Reviewed by Mary McLaughlin, Special Education Teacher; M.S. SpEd
It may seem that a student would either have a disability or not have one. This is, however, not the case, at least when it comes to the qualification process for special education services. When disabilities are complex but invisible – or when the child is too young to have yet displayed a large functional deficit or developmental lag – there can be significant differences from one jurisdiction to the next.<!- mfunc feat_school ->
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While all states that receive IDEA funds are required to follow IDEA law, there is a good deal of leeway in how the law is interpreted. States may set eligibility standards differently and use different methods for identifying children who are in need of services. Some differences are formal — the letter of the law — and others are informal: How adequate is state infrastructure when it comes to actually carrying out Child Find and identifying young children who need services?
There are several areas where states implement law in very different ways resulting in a significant difference in who (and how many) are receiving services.
Early intervention law (Part C of IDEA) makes provisions for children from birth to age three who have developmental delays and also those who have medical conditions (either physical or mental) that makes developmental delay likely. States are allowed to include other young children at risk of delay; some states have opted to use risk factors such as low birth rate of failure to thrive (http://www.nectac.org/~pdfs/pubs/nnotes21.pdf).<!- mfunc search_btn -> <!- /mfunc search_btn ->
What qualifies as developmental delay is open to state interpretation. Some states may define delay by a percentage or number of standard deviations below the mean. They may set differing standards based on whether the delay is in one or multiple areas of development.
Some states are very specific about what genetic conditions are considered established and which are considered additional risk. New Mexico, for example, spells out eligibility requirements for early intervention services in Title 7, Chapter 30 of state administrative code (http://18.104.22.168/nmac/parts/title07/07.030.0008.htm). In boys, Fragile X is considered an established condition. In girls, it is considered a biological or medical risk factor.
Some states identify far more infants and toddlers who are in need of early intervention than others do. Identifying fewer children costs less in the short term but goes against what is known about brain science.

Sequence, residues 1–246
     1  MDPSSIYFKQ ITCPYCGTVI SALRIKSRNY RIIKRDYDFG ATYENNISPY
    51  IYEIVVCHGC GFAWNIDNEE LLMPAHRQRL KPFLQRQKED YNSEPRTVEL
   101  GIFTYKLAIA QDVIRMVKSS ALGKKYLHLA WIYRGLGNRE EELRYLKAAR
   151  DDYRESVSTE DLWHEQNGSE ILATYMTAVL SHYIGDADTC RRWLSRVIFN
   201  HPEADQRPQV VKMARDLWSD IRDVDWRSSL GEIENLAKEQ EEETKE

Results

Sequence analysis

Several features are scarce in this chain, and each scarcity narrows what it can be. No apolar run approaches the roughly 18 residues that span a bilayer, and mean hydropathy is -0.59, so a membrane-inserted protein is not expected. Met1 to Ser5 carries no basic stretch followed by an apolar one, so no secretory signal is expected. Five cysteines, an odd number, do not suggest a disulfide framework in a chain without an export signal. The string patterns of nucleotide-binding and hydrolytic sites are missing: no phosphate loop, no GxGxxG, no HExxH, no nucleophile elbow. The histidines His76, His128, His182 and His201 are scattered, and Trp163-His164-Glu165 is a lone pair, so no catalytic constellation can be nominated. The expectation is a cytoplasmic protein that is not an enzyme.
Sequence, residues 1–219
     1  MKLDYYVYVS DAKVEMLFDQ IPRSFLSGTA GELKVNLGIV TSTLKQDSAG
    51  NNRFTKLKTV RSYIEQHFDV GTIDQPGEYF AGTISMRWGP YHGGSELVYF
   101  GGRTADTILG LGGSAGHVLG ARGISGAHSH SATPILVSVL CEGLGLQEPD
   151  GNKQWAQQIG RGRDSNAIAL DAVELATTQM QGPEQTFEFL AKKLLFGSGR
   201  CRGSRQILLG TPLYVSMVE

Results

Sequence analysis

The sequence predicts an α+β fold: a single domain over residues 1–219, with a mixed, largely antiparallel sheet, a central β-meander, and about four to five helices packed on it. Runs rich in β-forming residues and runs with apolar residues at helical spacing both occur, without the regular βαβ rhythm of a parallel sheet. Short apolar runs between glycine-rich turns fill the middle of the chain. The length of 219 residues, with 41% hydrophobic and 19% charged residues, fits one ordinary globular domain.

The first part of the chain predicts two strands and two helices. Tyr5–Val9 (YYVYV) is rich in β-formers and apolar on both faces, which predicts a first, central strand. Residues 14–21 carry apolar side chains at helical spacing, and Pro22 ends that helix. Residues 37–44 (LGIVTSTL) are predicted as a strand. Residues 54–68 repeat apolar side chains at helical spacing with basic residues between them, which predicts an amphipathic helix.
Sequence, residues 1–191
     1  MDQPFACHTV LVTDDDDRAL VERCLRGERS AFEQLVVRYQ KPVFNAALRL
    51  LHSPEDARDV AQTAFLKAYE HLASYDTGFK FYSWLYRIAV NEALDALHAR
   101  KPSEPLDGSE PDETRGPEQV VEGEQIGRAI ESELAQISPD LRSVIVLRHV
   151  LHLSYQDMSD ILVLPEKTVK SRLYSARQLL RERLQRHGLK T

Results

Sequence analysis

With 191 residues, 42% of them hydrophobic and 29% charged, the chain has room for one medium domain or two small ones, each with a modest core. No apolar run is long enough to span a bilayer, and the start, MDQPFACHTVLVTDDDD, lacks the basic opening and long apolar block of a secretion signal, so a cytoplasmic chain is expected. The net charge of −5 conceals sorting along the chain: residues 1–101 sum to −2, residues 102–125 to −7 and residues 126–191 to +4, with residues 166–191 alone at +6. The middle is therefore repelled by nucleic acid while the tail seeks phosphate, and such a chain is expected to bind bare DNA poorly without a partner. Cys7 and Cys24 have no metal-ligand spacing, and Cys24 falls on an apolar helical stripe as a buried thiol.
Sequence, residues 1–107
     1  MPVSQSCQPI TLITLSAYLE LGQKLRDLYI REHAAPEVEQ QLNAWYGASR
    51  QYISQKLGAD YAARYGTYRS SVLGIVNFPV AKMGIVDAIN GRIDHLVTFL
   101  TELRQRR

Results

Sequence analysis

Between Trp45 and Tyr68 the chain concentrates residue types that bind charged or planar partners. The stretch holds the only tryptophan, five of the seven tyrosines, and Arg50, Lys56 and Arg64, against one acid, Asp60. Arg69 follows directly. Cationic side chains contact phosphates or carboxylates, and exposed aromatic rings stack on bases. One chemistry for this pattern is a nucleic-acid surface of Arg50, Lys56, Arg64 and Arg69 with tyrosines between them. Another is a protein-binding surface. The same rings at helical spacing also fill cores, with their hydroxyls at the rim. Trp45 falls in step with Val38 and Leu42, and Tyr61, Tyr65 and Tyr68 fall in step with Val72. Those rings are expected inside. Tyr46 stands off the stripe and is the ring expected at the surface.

Part C: Eligibility at the Preschool through High School Levels
Beyond age three, too, there are differences is how disability is categorized. Some states continue to use a non-categorical developmental delay category for children as old as age nine.
There is no ADHD category in IDEA but students with severe attentional issues that impact their ability to benefit from the usual school curriculum can qualify as having “other health impairments”; in many cases, ADHD co-occurs with specific learning disabilities. Specific learning disabilities are identified in different ways from one jurisdiction to another.
Autism is an area where there is a good deal of variance in identification rate. A medical diagnosis of autism won’t automatically qualify a student; the disorder must impact the student educationally, and educational units are expected to carry out comprehensive evaluations. States must establish a definition that at least substantially corresponds with the national definition. However, they differ from one another. States also differ greatly with regard to the types of assessments and evaluations that are explicitly mandated. In a 2014 study published in the Autism Research and Treatment Journal, researchers from North Carolina noted a more than ten-fold difference in autism identification rates between two states that shared borders (https://www.hindawi.com/journals/aurt/2014/327271/). In 2012, a time when the national rate was .6%, one state had identified just .1% of its students as IDEA-eligible under the autism category while the other had identified 1.2%. The research group noted that, though it was quite possible that the autism rate did vary geographically, it was unlikely that this would account for a difference of this magnitude.<!- mfunc search_btn -> <!- /mfunc search_btn ->
The researchers considered the exclusionary language that was included in some definitions to be problematic. A primary diagnosis of emotional disturbance could, for example, preclude eligibility under the autism category in some states: a problematic situation as some psychological issues and diagnoses are known to frequently co-occur with autism.
Notably, a student who is not identified under a particular category may be identified under a different one, and the level and type of service provided is controlled not by category but by the student’s own Individualized Education Program, or IEP.
From Identification to Service Delivery
Even if students are found eligible for special education, it doesn’t follow that they will qualify for the same services in another state. However, there are protections in place for children who move from one state to another. If the child moves during the school year, the receiving state must provide comparable services until such time as it conducts its own evaluation (http://www.wrightslaw.com/info/iep.change.schools.htm). IDEA grants additional rights to parents who disagree with an evaluation or disagree with an educational unit on what should be included in the IEP of an eligible child.